On June 2, Lee funneled his units toward Cold Harbor. By late afternoon, the entire army was filing into their positions along the front, which extended for 7 miles, from Pole Green Church on the north to Grapevine Bridge on the south. The expert Confederates blended their line with all the natural features of the land. With interlocking sectors and overlapping fields of fire, the position was probably the best the Army of Northern Virginia ever defended.
On June 3, precisely at 4:30 A.M., Meade's assault on the Confederate right flank was conducted by 3 corps: Maj. Gen. Winfield S. Hancock's II Corps, Maj. Gen. Horatio G. Wright's VI Corps, and Maj. Gen. William F. "Baldy" Smith's XVIII Corps. In double lines along a 6-mile front, they charged the nearly impregnable Confederate position. The Confederates, consisting mostly from the I and III Corps who fought from behind earthworks, slaughtered the Federals as soon as they moved forward.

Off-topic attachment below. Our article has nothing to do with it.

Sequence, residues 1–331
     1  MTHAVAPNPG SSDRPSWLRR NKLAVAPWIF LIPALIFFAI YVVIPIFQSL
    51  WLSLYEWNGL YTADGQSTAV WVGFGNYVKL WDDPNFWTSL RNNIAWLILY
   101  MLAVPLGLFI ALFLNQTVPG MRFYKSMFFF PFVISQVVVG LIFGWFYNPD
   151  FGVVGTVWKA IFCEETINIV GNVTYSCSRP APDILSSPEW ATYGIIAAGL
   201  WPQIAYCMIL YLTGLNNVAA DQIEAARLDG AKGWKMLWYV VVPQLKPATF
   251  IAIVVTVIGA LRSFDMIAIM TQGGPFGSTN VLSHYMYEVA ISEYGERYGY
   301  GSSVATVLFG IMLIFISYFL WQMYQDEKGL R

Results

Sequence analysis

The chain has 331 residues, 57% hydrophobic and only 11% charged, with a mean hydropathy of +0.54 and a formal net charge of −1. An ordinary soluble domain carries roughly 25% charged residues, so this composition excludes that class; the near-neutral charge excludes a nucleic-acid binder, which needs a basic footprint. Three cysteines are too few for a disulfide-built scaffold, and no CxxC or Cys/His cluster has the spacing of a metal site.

Before the assault, the Union soldiers had been in no doubt as to what they were up against. Many were seen writing their names on papers that they pinned inside their uniforms, so their bodies could be identified. The II and XVIII Corps, followed later by the IX Corps, assaulted along the Bethesda Church-Cold Harbor line. The concealed Confederates waited patiently; the earthworks suddenly bristled with thousands of rifles. Seconds later, in a volcanic blast of sound and flame, the Confederate line erupted. Then the "inexplicable and incredible butchery began."
Along the entire Union line, the men on the line crumpled in heaps from the Confederate fire. Wright and Smith made little headway in the crossfire. Only on the Union left did 2 brigades of Hancock's corps penetrate the Confederate line. The Federals stood on the breastworks momentarily before being blown away by rifle and canister fire. The assault along the entire front had been completely repulsed in less than a half-hour. Union forces lost between 3,000 and 7,000 men in about 40 minutes. Grant called off the attacks at midday after visiting his corps commanders.